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"Not all hemoptysis is tuberculosis--think of other etiologies." A lesson from a chest clinic in a rural tertiary care center in central India.


Hemoptysis is the expectoration of blood that initiated in the lungs or bronchial tubes. A patient's history can aid in diagnosing the volume of blood and distinguish between hemoptysis, pseudohemoptysis, and hematemesis. An attentive physical evaluation can result in the detection in most cases. [1] The spitting of blood derived from the lungs or bronchial tree owing to pulmonary or bronchial hemorrhage is defined as hemotypsis. [2] The term "hemoptysis" originated from the Greek "haima," which means "blood," and "ptysis," which means "a spitting." Pseudohemoptysis is defined as blood not from lower respiratory tract but comes from above the vocal cords: mouth, pharynx, nose, aspiration of hematemsis, and colonization by gram-negative bacteria (Serratia marcescens)--prodigiosin pigment production. Hemoptysis had been graded depending on severity as massive: definition of massive hemoptysis varies from 100 mL/day to more than 1,000 mL/day with hemodynamic compromise, usually > 400 mL/day (5%-15% cases). Hence, mild: <100 mL/day; moderate: 100-400 mL/day; and massive: >400 mL/day. Hemoptysis is a frightening symptom for patients and often is a manifestation of a significant underlying disease such as tuberculosis, bronchiectasis, and lung cancer. Hence, blood expectoration even in small volume is a worrying sign, and massive (>400 mL/day) hemoptysis can be a life-threatening event. Therefore, hemoptysis of any grade requires detailed examination. Hemoptysis is a broad-spectrum symptom. However, in India, hemoptysis is nearly identical with pulmonary tuberculosis, and patients showing this symptom are frequently suggested antitubercular therapy without appropriate workup. The purpose of this study was to identify the various etiologies of hemoptysis and correct some common misconceptions regarding management of hemoptysis in tuberculosis.

Materials and Methods

We conducted this prospective study with 462 patients at the chest clinic of Department of Pulmonary Medicine at UP Rural Institute of Medical Sciences and Research, Saifai, Uttar Pradesh, India, between the period of June 2011 and December 2014. Before doing the study, we obtained informed consent from the patients and the institutional ethical committee. Demographic data, including sex and age, were collected. Patients were also grouped into categories on the basis of their primary diagnosis (i.e., pulmonary tuberculosis, neoplasm, chronic bronchitis, bronchiectasis, and "other"). Diagnosis was made after thorough clinical evaluation and appropriate investigations such as chest radiography, computed tomography (CT) of thorax, and bronchoscopy.

Diagnosis of pulmonary tuberculosis was based on chest radiography and sputum examination for acid-fast bacilli (AFB) in our Revised National Tuberculosis Control Programme (RNTCP) laboratory under fluorescent microscopy. A chest radiograph exhibiting nodular, alveolar, or interstitial infiltrates chiefly impacting the upper area of the lung in symptomatic patients (i.e., those with cough, weight loss, and fever with night sweat) was regarded as indicative of pulmonary tuberculosis. When the chest radiograph showed inactive processes such as calcified granuloma, fibrosis, and sputum AFB negative and there were no symptoms other than hemoptysis, the patient was diagnosed as having inactive pulmonary tuberculosis. For bronchogenic carcinoma, diagnosis was based on histopathology. Bronchitis was diagnosed when a patient showed symptoms consistent with upper airway infection and a normal chest radiograph. Diagnosis of bronchiectasis was confirmed by high-resolution CT of thorax.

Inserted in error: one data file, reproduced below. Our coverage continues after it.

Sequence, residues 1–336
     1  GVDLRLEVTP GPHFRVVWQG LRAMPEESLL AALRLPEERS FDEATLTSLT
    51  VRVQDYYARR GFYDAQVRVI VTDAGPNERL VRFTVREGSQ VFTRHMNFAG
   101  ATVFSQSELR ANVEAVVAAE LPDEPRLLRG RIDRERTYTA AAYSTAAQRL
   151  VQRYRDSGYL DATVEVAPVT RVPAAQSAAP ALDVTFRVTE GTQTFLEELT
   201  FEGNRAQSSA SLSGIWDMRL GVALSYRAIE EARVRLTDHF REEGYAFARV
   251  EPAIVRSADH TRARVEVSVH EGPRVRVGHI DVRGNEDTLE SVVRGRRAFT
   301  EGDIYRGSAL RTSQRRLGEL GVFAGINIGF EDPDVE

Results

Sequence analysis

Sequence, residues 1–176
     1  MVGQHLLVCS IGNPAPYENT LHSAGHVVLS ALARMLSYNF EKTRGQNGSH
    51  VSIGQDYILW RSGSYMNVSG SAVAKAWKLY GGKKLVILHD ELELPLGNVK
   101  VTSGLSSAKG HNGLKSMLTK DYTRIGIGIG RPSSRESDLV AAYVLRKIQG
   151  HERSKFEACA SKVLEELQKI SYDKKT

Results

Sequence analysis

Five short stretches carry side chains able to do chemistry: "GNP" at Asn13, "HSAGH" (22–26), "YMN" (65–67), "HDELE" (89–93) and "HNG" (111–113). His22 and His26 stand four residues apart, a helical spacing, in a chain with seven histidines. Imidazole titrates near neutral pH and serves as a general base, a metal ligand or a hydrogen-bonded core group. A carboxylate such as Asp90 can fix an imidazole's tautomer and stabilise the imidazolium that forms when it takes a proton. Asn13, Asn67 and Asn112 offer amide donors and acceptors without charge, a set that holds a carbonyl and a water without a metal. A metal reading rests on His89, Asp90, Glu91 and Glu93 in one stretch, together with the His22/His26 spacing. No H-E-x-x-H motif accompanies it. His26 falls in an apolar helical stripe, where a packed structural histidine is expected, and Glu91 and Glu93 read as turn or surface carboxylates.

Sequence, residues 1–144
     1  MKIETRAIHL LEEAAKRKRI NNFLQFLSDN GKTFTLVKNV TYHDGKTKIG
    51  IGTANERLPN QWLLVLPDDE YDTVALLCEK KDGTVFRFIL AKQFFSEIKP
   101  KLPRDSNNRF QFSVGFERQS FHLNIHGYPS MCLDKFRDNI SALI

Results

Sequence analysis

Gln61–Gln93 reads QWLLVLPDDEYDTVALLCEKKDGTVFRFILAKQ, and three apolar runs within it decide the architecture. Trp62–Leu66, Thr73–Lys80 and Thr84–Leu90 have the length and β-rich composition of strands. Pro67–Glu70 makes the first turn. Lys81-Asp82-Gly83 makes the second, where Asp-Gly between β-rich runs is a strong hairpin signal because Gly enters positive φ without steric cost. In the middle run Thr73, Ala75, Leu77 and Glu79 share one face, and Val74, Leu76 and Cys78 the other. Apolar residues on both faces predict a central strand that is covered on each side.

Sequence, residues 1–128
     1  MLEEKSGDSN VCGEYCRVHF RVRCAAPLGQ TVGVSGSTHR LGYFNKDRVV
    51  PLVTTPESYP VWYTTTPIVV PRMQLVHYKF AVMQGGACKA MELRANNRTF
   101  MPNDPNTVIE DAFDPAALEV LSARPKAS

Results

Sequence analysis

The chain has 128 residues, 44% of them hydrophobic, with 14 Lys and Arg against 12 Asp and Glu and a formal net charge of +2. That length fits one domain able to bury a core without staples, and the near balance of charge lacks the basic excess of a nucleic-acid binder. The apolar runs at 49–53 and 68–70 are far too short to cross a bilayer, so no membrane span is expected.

All patients were given conservative treatment for the control of hemoptysis, irrespective of the amount of blood expectorated, along with necessary measures for management of the primary disease. The conservative treatment comprised absolute bed rest in depended side down, tranexamic acid injection, cough suppressant such as codeine, mild sedation with alprazolam, antibiotics, and other supportive measures.


During the study period, we conducted our research on 462 patients attending our Department of Pulmonary Medicine clinic. Then, based on primary diagnosis for hemoptysis, they were categorized. Pulmonary tuberculosis was the leading cause but highest being those who are inactive, sputum-negative sequelae of old-treated pulmonary tuberculosis (110, 24%). Similarly, bronchiectasis was found in 92 (20%) subjects; sputum-positive pulmonary tuberculosis, 73 (16%); chronic obstructive pulmonary disease (COPD)/ emphysema, 46 (10%); chronic bronchitis, 27 (6%); pneumonia, 27 (6%); aspergilloma, 23 (5%); lung carcinoma, 11 (2.5%); URTI/LRTI, 14 (3%); mitral stenosis, 9 (2%); middle lobe syndrome, 9 (2%); lung abscess, 11 (2.38%); diffuse alveolar hemorrhage, 6 (1.3%), and cannabis smoker with bullae, 4 (0.86%). Of them, 140 (30.3%) patients--40 (28.6%) patients with inactive pulmonary tuberculosis, 50 (35.7%) patients with hemoptysis of non-tubercular etiology, and 50 (35.7%) with bronchiectasis--were misdiagnosed as active pulmonary tuberculosis and prescribed antitubercular drugs before coming to our department [Table 1]. All the patients were treated conservatively with bed rest, cough suppressants, sedative, and other supportive care.